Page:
Sunday, January 29, 2012

Bunions - Understanding And Treatment

Bunions (Hallus Abducto Valgus) are a common foot problem that affects the joint at the base of the big toe (first metatarsophalangeal joint). In Latin “bunion” means enlargement, while “hallux abducto valgus (HAV)” refers to a bending inwards of the big toe as seen on the image.
As you see, the big toe bends in towards the other toes while the bone behind it (1stmetatarsal) pushes outward. This creates a considerable amount of stress on the joint (first metatarsophalangeal joint). Due to this bending inwards, a sharp angle at the big toe joint is created, resulting in the formation of a bunion. Initially, this enlargement is composed of swollen tissue which becomes irritated by any external pressure (for example tight shoes). Eventually this swollen tissue thickens to form a very large lump or bunion.
There is an obvious relationship between bunions and shoes, since bunions do not occur in cultures that go barefoot. High heels, pointed shoes, ballet shoes, excessively tight shoes, and even cowboy boots often lead to the development of bunions.
Anatomy and Biomechanics
From a biomechanical perspective, bunion formation creates a cycle of dysfunction. As the bone behind the big toe (1st metatarsal bone) moves outwards, the inner arch of the foot becomes unstable and starts to collapse. This instability, or lack of support in the arch, increases stress on the angle at the point where the bunion is forming. This stress accelerates the formation of the bunion, which in turn further destabilizes the arch of the foot. To truly deal with this problem, you must address both the foot instability and joint angle.
In addition to the stresses caused by poor shoes, simply walking with your feet in a turned out position can also lead to bunion formation from the stress it puts on two particular muscles. This “turned out” position leads to an imbalance between two muscles - the adductor hallicus and the abductor hallicus.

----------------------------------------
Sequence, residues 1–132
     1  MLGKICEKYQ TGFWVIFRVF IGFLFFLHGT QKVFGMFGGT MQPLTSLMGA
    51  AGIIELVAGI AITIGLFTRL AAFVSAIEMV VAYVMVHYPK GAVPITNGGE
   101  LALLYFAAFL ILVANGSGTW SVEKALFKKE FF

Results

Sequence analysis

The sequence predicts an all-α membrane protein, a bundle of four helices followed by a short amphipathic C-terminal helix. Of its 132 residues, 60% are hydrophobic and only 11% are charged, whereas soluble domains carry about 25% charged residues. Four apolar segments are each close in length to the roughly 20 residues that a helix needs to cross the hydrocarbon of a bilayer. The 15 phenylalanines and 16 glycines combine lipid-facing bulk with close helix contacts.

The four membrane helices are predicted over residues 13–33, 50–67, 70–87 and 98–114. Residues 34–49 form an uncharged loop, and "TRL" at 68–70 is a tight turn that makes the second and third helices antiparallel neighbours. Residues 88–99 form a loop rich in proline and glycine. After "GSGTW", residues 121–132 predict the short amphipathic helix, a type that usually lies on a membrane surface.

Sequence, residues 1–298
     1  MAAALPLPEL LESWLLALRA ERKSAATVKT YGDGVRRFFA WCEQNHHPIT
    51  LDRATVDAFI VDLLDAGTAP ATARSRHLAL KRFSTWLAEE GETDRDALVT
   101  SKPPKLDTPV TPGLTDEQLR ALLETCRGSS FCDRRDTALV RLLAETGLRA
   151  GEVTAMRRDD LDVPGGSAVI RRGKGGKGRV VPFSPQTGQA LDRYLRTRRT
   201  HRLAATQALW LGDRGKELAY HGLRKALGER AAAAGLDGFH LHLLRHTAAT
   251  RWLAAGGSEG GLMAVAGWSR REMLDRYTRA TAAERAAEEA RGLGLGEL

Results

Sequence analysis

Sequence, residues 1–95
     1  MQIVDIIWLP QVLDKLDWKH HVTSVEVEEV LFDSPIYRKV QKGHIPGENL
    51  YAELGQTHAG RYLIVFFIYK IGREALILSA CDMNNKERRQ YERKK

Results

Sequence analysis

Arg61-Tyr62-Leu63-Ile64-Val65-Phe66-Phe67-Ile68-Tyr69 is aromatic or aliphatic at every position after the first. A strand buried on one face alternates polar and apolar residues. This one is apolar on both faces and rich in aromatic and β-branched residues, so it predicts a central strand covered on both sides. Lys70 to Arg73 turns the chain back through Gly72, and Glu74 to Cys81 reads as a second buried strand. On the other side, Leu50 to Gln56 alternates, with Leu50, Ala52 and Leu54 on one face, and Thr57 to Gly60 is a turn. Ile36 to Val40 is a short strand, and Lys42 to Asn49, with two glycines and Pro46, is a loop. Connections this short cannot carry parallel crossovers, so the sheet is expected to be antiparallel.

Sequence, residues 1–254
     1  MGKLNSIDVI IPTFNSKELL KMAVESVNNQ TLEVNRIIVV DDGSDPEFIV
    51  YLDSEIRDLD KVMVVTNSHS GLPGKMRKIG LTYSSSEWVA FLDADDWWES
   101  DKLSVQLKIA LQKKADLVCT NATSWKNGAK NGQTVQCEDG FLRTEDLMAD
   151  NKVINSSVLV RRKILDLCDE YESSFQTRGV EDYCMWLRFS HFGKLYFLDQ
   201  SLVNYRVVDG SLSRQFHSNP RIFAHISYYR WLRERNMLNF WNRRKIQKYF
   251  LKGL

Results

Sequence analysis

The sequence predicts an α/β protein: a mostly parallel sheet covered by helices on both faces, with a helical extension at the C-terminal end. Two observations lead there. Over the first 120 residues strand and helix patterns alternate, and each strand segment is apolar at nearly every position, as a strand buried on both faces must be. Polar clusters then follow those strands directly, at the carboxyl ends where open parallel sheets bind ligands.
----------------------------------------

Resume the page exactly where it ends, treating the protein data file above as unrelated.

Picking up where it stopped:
The adductor hallicus is an interesting muscle which is shaped like the number seven. The adductor hallicus transverses from several of the lateral toes into your big toe. When the adductor hallicus contracts, it pulls the big toe towards the 2nd toe.
· For those of you who have been asking for a more technical anatomical description…well here you go! The adductor hallicus has two heads - the oblique and lateral head. The oblique head originates in the 2nd, 3rd, and 4th metatarsals. The tranverse head originates from the 3rd, 4th, and 5th toes (metatarsophalangeal ligaments). Both heads insert into the big toe (lateral sesamoid bone at the MP joint, and into theproximal phalanx of the big toe).
When the adductor hallicus muscle becomes tight and restricted, it continually pulls the big toe towards the second toe (even without contracting). The adductor hallicus tends to become restricted in individuals who excessively pronate or walk with their feet turned outwards (a huge percentage of runners and dancers).
This pulling action of the adductor hallicus disrupts a key balance in muscle tension, which normally keeps the big toe in a neutral or straight position. This balance occurs between the adductor hallicus and the abductor hallicusmuscles.
The abductor hallucis normally resists the pulling action of the adductor hallicus. The abductor hallucis runs from your heel (calcaneus) to your big toe (proximal phalanx). Constant pulling from the adductor hallicus weakens and overstretches the abductor hallucis. Without the appropriate counter-balancing action of the abductor hallucis, the big toe moves inward, and bunion formation accelerates.

In the first stages of bunion formation, bunions are often not painful until there is a significant inward deviation of the big toe. Some of the symptoms commonly associated with bunions include localized pain near the joint (often only with palpation), redness, swelling and restricted motion.
In addition to a complete physical examination and history, X-rays are often taken. X-rays enable the physician to measure joint angles in order to determine the severity of the condition. It also allows the physician to rule out fractures or other pathological processes.
Treatment can be divided into non-surgical (conservative) and surgical treatments.
Surgical Treatment: Surgery is sometimes necessary when the pain from a bunion is extremely severe, or when a bunion has grown past certain limits. The success rate for bunion surgery is very high, especially when measured in terms of performing your ADL’s (activities of daily living) and pain reduction. Complications from surgery include: infections, nerve damage, scar tissue formation, over or under-correction, and blood clots. It is also import to note that the bunion can reoccur if the underlying factors that caused the initial bunion formation are not properly dealt with. The surgery it self may alter the pressure pattern on the bottom of the foot (alignment), causing certain biomechanical imbalances.
Please Note: Something to keep in mind for professional dancers; a bunion surgery will often be the end of that dancer’s career. This is because most dancers cannot return to their pre-operative state.